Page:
The creation is great, extensive and manifold, and vastly exceeds our knowledge and comprehension : But God spake the whole into existence, from nothing, with infinite ease.

He said, " Let it be, and it was. Hc spake, and it was done : He commanded, and it stood fast.” The invisible heaven, which probably is intended when St. Paul speaks of the Third Heaven, and is called by Solomon, " The heaven of heavens,” was in this beginning created, and formed for the peculiar residence of God, who is said to have established his throne in the heavens, to be and dwell there ; and the place where angels dwell; their creation being comprehended in the creation of heaven. And this is the heaven to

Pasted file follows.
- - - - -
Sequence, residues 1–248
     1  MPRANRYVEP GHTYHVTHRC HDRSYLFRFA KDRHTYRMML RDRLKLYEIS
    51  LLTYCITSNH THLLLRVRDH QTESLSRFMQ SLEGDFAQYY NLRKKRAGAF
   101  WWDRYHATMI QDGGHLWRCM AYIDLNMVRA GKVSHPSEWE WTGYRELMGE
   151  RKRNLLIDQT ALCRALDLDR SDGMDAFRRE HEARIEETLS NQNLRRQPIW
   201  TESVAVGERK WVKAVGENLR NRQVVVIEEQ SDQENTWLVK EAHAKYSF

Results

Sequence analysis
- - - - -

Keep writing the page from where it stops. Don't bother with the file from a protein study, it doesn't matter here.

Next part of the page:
which the redeemed will be received after the day of judgment, which our Saviour says, was “ prepared for them from the foundation of the world.” This heaven and ihe angels were created then ; but before this lower world was formed, and brought into order. Therefore it is represented by God, that when he created this earth, the angels were spectators of the work ; for these are the morning stars, and the sons of God, who are said to sing together and shout for joy, when the earth was formed.* God was pleased to create innumerable hosts of intelligent beings, with strong powers of mind, and large capacities, to be spectators of his works, and attend to the numerous worlds and creatures, as they rose into existence and order; and behold and admire infinite power, wisdom and goodness, manifested herein, and rejoice, adore and praise the Creator.